Orlando Magic need to honor history and retire jerseys

The Orlando Magic are still working to add players to their team Hall of Fame. But it is time to put the very best some place more visible. (Photo by Doug Benc/Getty Images)
The Orlando Magic are still working to add players to their team Hall of Fame. But it is time to put the very best some place more visible. (Photo by Doug Benc/Getty Images) /

A team’s history is a sacred thing.

It is what tells the story of the franchise and informs people of what the organization is about. It binds generations of fans together. It is something fans hold onto in the bad times. And ultimately helps them get excited when the good times come back again.

The Orlando Magic have a relatively short history as they enter their 33rd season. But it is one worth celebrating.

Yet, the Magic’s history remains hidden. It is not a presence within the Amway Center.

And as new generations of fans file into the building or new fans get made, finding out where to learn about the franchise’s history and how the franchise has integrated its past is still a bit tricky.

Magic CEO Alex Martins said the team has discussed criteria for the ultimate honor a franchise can give — retiring a jersey. But no one has reached that level yet.

This has always created some debate among Magic fans. In one respect too, this is an odd way to relate to franchise greats who have come to expect jersey retirement ceremonies from other teams they have played for.

The Magic are not the only team in the league without an officially retired jersey, but increasingly it is getting harder to argue that jersey retirement should not be something they should do. Otherwise, some key players in the team’s history could get forgotten — or tucked into the corner of the Magic’s fan experience inside Amway Center in the form of their Hall of Fame.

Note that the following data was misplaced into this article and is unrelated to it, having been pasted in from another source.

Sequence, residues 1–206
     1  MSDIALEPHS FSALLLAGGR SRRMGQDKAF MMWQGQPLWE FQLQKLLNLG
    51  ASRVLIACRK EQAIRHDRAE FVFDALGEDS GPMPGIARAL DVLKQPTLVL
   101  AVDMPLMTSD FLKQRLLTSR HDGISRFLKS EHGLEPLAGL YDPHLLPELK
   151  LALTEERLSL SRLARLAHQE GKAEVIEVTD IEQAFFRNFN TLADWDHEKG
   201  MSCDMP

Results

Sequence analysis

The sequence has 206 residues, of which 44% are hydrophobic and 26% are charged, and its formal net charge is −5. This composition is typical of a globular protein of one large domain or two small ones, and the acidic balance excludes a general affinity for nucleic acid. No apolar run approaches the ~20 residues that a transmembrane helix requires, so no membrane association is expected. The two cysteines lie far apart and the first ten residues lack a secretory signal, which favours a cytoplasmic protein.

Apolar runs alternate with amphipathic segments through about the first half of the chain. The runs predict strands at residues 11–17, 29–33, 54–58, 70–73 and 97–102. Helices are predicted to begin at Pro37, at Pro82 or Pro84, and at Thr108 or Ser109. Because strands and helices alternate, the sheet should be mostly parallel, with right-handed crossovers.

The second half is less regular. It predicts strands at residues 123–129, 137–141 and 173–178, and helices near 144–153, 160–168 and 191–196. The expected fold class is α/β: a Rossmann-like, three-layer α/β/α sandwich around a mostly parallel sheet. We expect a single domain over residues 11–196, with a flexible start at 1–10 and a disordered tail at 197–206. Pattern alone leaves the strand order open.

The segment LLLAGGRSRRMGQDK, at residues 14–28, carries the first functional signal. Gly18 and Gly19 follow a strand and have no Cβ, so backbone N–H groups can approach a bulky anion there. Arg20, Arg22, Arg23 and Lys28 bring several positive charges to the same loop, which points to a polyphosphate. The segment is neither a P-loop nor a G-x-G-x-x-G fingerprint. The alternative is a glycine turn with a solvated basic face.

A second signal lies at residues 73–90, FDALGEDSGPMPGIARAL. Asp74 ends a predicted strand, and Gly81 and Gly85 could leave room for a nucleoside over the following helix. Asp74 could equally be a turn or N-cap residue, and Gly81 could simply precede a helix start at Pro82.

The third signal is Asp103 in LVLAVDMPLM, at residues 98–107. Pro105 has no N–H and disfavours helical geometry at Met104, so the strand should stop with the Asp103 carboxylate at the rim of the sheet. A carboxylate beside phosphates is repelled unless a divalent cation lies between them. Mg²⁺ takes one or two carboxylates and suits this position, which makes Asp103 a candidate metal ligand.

The Orlando Magic have resisted retiring jerseys as they try to match their own internal criteria. But it is getting harder to argue against the honor as a way to make their history more permanent.

J.J. Redick’s retirement is what got me thinking about this more.

Redick retired after 15 seasons in the NBA, six of them with the Magic. He finished in the top-20 in scoring and is near the top of every 3-point statistic in Magic history. On top of that, he is a fan favorite player.

Redick’s No. 7 should not be hanging in the rafters of the Amway Center. But as the Magic continue to wind their way through their history and honor players in their Hall of Fame, Redick seemed like a perfect candidate to reach that level at least for his popularity, longevity and contribution to title-contending teams.

When I put that question to a poll though, the fan base seemed pretty divided:

What felt like something of a short jumper for him to get in for that honor actually could turn into quite the debate when his turn comes.

We are a long way away from considering Redick for the Hall of Fame. So that debate can get delayed a little while.

The Magic are still playing catch up with their important figures and figuring out who gets into the Hall of Fame is not the debate so much as what order they should go in — Bo Outlaw, Dennis Scott, Scott Skiles, Jeff Turner (as a contributor as much as a player), Hedo Turkoglu, Rashard Lewis and Jameer Nelson are all shoo-ins that should go in with some indeterminate order.

The list of people who *should* be in the Magic Hall of Fame is easy to figure out among retired players. And there are a few active players who will surely get in — Nikola Vucevic will absolutely get the honor when he retires and Victor Oladipo, Aaron Gordon and Evan Fournier will at least have arguments for inclusion.

The Hall of Fame should be a lower threshold. The place where the Magic honor players who made major contributions to the franchise and have special meaning to them or dot their all-time record boks.